Mr Markson said he believed Rice had the potential to be the "next Ian Thorpe" in terms of sponsorship earning potential.And if the Brisbane glamour girl played her cards right, she could still be raking in the cash for decades to come."You only have to look at the likes of Duncan Armstrong, who won gold in the men's 200m freestyle 20 years ago, and he's still on the TV commentating," Markson said.

"Then there's Raelene Boyle doing the commentary on track and field for Channel Seven, so she's still earning money 40 years after her first Olympic medal - she won silver in Mexico in '68."Markson said from a marketability perspective Rice had it all - good looks, charisma, presence, personality and sex appeal.

He said she also had the advantage of a huge pre-Olympic media profile - so now she had consolidated her initial promise the sky was literally the limit."The fact that's she's now won an Olympic medal - and she didn't just win it either, she smashed the world record - she'll have that for the rest of her life," Markson said.

"From a profile point of view it has established her now, she'll always be an Olympic gold medallist and it's only just the start of the Games so we'll just have to see how the rest of it goes."Obviously that's going to be very, very lucrative for her long term."Bowled over by grandchildTHERE is no lack of competitive spirit in the Rice family.Not even his granddaughter's first Olympic final could keep Jack Rice, 90, away from the Aspley Bowls Club where his team was competing in the Mick Simpson Memorial Patron's Day tournament.

His plan was to watch Stephanie's 4 x 100m medley race on the small television inside the clubhouse and join his teammates afterwards but in a show of support, club patron Rob McPherson postponed play for half an hour until after the event."You've never seen so many elderly people going bananas," Mr McPherson said of the race. "Everyone was out of their chairs cheering her on - or at least the ones who could stand up."Mr Rice said it was a very proud moment for him.

"She is a lovely girl and this hasn't gone to her head. She's won numerous medals but this is a really good one. She'll be happy about this," he said."I felt confident she would win. She's a great fighter and she's in wonderful condition. Kathryn Hoff took this record off her but now she's got it back. It's great."Mr Rice said  the whole family loved sport and he had only given up playing tennis at age 85.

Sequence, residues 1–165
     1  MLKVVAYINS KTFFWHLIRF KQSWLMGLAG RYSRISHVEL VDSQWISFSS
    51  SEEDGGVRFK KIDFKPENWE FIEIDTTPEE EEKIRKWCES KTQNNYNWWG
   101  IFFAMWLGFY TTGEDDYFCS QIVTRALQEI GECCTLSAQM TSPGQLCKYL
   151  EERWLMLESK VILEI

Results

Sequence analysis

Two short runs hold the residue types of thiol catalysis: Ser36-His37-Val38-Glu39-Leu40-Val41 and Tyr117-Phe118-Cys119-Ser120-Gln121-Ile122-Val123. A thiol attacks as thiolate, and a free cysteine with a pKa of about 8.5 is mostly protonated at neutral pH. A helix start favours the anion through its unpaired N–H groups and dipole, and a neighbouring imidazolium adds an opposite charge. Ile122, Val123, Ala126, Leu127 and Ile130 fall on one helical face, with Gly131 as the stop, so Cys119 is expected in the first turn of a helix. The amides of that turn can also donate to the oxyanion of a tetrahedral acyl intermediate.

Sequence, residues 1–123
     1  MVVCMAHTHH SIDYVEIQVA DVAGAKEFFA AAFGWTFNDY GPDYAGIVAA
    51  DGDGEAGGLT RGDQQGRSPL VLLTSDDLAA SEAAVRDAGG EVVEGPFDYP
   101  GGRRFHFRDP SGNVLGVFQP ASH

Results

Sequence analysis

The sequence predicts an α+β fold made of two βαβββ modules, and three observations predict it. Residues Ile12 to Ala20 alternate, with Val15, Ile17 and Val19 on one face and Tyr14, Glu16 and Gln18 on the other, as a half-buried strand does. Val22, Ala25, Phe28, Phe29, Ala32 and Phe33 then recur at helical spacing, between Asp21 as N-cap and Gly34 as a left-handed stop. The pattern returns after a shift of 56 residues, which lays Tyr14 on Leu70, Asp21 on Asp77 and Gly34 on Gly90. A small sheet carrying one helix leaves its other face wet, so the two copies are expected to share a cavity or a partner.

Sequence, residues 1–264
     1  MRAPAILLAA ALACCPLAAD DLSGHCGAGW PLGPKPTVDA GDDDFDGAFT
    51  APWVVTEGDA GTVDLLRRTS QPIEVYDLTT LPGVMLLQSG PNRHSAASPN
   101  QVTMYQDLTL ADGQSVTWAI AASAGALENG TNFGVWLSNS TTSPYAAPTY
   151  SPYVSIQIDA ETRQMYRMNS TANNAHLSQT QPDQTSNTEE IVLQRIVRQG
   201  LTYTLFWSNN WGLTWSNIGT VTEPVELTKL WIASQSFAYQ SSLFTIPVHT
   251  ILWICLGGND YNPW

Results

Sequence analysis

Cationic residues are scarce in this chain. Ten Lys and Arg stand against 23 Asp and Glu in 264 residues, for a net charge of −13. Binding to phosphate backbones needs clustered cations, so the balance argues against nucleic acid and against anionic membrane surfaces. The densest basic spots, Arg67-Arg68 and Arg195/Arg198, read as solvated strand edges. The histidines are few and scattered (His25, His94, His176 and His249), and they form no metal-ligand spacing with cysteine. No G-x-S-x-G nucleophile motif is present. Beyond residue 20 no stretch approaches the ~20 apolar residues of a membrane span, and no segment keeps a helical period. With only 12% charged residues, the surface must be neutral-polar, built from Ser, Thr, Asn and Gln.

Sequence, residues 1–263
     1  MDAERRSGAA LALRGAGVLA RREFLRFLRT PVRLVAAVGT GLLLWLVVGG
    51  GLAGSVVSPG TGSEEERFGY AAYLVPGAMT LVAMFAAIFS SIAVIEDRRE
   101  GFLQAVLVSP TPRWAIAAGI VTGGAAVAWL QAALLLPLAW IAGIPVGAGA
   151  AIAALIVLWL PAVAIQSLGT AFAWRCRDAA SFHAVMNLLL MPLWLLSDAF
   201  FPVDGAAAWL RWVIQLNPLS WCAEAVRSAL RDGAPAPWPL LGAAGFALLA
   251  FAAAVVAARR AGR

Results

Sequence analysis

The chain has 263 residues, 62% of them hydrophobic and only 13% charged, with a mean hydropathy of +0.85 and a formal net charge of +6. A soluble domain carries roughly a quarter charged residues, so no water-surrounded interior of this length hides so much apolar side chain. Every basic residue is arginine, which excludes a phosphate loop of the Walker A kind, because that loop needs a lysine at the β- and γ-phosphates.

"I should've taken up bowls a bit earlier and I might have been a bit better," he chuckled.But they knew from the age of "about 7 or 8" that Stephanie was something special."Her father taught her to swim and she could swim up and down the pool and you'd hardly see a ripple on the water. She just had a natural aptitude."

He said Stephanie followed a rigorous training regime, swimming 7km in each of her twice-daily training sessions."She's not the party girl the media tries to make her out to be. She's down to earth but she can put on an act. She enjoys the publicity and what she gets out of it but she works very hard for it," he said.

Melbourne, Oct 24 : Olympic swimming sensation Stephanie Rice has been spotted dining with former Big Brother housemate Ed Cherry.The pair was seen munching on Vietnamese ricepaper rolls and vegetarian frittata at Brisbane hot spot Jade Buddha, reports the Daily Telegraph.

Rice, who has been subjected to a trail of romance rumours since breaking up with fellow Olympic medallist Eamon Sullivan in July, is not the first woman to have eyes for pro-surfer Cherry.Sex icon and former Baywatch star Pamela Anderson reportedly took a liking to the 22-year-old when she made a surprise visit to the Big Brother house in July.Cherry was also romantically linked to fellow housemate Brigitte Stavaruk.